The objective of the competition is to inspire and to disseminate research work and technical and organizational solutions which lead to the improvement of working conditions, safety of work and protection of man in the working environment – covering the greatest possible number of both enterprises and workers – by improving the existing or introducing new methods of hazard and occupational risk assessment, new constructions, technologies, equipment and materials as well as organizational solutions.

The evaluation of the solutions presented for the competition and awarded the prizes for the winners will be completed by 31st December 2014.

Polish Occupational Safety Poster Competition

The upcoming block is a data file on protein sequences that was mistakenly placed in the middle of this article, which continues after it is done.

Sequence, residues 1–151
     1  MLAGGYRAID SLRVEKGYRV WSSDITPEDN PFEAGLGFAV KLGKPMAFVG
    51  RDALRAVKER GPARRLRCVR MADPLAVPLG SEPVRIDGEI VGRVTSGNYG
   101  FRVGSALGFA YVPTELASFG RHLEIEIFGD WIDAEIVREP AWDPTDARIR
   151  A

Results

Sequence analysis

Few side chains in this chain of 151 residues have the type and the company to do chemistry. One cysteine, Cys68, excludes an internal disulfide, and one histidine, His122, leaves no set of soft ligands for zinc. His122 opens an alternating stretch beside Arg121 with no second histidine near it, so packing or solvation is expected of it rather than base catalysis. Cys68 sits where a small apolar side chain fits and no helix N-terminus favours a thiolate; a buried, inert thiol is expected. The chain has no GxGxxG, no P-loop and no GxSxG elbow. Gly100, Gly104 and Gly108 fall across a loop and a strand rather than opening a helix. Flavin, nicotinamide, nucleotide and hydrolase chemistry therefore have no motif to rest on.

The occupational safety poster competition has been organized in Poland by the Central Institute for Labour Protection – National Research Institute (CIOP-PIB) since 1997. The purpose of this competition is to obtain posters promoting the issues of occupational safety and health protection of man in the working environment. The participants are artists, professors and students of artistic universities in Poland and abroad. The competition is organised in cooperation with Academies of Fine Arts (Cracow, Warsaw, Lodz) and under the patronage of the Minister of Labour and Social Policy and Chief Labour Inspector. The jury of the competition consists of representatives of artistic professions, science, ministries of health and labour, and trade unions, as well as enterprises whose business is related to the topic of the posters. Three prizes and five honorary mentions are awarded in the competition, and 50 posters are selected for exhibitions in Warsaw and Cracow.